In a recent op-ed for The Washington Post, Mitt Romney made the same mistake that many Republicans did in 2012 — a mistake that cost him the White House.
With his attempted character assassination of the president, a fellow Republican, Romney put self-interest ahead of the larger national interest: conservative Republican governance. The op-ed brought to mind 2012, when many Republicans chose to divide the party by continually bashing each other. Romney eventually discovered that many discouraged GOP voters decided to stay home on Election Day.
Do not mistake what I’m saying for an attack on Romney. It isn’t. The matter is bigger than both Romney and President Trump. It is about the future direction of the nation.
Like others who have run for president and failed, Romney has taken a stance that smacks of jealousy and resentment. It does nothing but serve the radical liberal left and further divides conservatives.
As the only former chief executive of a Fortune 500 company in Congress, I was initially thrilled by the prospect of welcoming another business guy to the Senate. But Romney’s behavior — before he was sworn in or cast his first vote as the new senator from Utah — was deeply disappointing.
He ran to the media instead of picking up the phone. That is exactly what is wrong with Washington. Too many career politicians focus on finger-pointing for their own self-interest rather than on getting results.
We have seen what a divided party means for Republicans. It means we help put Democrats in charge. It means we help them advance their radical liberal agenda, which has proven to fail the very people they claim to champion: the working women and men of America.
Conservatives know that bigger government, higher taxes and single-payer health care should not be the way forward. It’s fiscally and socially irresponsible.
The mainstream media and Democrats want to further divide Republicans, and now Romney has played right into their hands. Jeff Flake (Ariz.) filled that role before his retirement; the last thing we need now in the Senate is a Jeff Flake on steroids. We certainly don’t need more distractions. We need constructive leaders who want to get things done.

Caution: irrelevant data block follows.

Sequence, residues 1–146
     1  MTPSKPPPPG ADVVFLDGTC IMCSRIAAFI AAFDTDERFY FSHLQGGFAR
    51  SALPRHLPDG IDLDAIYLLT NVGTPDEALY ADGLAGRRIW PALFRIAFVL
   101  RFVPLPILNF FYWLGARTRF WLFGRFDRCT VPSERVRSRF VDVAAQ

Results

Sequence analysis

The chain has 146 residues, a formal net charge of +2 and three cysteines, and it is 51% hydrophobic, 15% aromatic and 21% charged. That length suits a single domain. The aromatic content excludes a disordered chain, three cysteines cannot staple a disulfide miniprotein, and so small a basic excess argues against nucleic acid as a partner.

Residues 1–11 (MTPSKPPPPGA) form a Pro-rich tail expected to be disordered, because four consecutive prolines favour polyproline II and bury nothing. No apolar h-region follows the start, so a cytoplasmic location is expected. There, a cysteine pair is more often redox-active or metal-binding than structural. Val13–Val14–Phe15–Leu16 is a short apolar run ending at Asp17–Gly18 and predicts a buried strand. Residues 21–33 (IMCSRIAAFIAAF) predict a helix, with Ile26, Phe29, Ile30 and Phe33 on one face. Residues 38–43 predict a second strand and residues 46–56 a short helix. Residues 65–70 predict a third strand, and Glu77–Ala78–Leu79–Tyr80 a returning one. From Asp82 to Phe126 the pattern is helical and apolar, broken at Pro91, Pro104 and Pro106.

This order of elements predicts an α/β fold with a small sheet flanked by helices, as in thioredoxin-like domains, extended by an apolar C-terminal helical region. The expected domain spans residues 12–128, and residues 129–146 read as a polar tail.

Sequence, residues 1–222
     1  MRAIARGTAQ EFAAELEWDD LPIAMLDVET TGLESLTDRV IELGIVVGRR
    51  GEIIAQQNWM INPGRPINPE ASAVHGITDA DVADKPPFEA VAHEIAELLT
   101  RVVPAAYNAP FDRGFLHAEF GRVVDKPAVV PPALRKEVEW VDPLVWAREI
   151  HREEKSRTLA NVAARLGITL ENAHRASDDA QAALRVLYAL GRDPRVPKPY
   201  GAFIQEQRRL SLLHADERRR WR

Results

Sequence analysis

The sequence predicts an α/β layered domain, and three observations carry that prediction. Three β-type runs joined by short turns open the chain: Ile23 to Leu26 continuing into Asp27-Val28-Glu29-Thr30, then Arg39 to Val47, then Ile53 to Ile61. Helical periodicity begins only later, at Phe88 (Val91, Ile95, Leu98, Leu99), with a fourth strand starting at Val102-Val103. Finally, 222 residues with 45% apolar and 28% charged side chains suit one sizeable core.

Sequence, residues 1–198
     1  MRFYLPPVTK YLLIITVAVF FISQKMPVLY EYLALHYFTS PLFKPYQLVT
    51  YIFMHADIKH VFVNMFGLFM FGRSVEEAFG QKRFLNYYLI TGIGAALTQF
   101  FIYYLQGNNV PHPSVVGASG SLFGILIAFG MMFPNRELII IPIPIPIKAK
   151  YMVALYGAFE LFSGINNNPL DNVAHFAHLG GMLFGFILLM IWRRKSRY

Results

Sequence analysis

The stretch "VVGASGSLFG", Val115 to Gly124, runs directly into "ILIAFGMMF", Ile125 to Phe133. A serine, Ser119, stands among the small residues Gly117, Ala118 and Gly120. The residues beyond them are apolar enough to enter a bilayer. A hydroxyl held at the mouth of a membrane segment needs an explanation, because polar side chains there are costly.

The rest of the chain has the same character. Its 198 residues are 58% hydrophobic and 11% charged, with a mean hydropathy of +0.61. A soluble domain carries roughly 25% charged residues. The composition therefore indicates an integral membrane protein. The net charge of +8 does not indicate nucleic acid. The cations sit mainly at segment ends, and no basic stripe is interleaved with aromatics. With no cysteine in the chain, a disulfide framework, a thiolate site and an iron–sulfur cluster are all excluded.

Like many other leaders in history, Trump is certainly an unusual president. He does not fit the typical mold of a Washington politician. That is exactly why the American people, fed up with business as usual, elected him.
The presidency is bigger than any one individual. It is about providing a vision and executing an agenda to advance all Americans. Criticism of the president or his policy decisions is, of course, not off-limits. But I believe it is much more productive to have candid conversations behind the scenes.
The Republican agenda is working. Just look at the results. As the news about employment and wages on Friday confirmed, over the past two years, the United States has undergone an astonishing economic turnaround. The economy is growing at twice the rate it did under
President Barack Obama. More than 4.4 million new jobs were created in 2017 and 2018 . Middle-class income is at an all-time high. Overall unemployment is the lowest in 50 years, and African American, Hispanic and Asian unemployment are at historically low levels.
Clearly, this president understands that his primary role is to protect Americans. He is strengthening the military and reasserting U.S. leadership around the world. These results would be absolutely celebrated if anyone else were president. Instead, “the resistance” has spread from the political extremes to the media and now to the Republican Party itself.
Imagine if Romney had been elected president and removed hundreds of regulations, passed a historic tax bill, made the United States’ NATO allies pay their fair share, negotiated a new trade deal with Mexico and Canada, and stood up to China. Would he have been met with this type of resistance? Of course not.
We are on track to change the nation’s direction for the better. We are on track to restore economic opportunity, fiscal responsibility, limited government and individual liberty. I hope Romney, who plans to caucus with Republicans, will reconsider continuing his harmful behavior as he begins his Senate career.
Instead, I hope he will join me as one of the few business-minded leaders who can stay focused on getting the job done.
David Perdue, a Republican, is Georgia’s junior U.S. senator.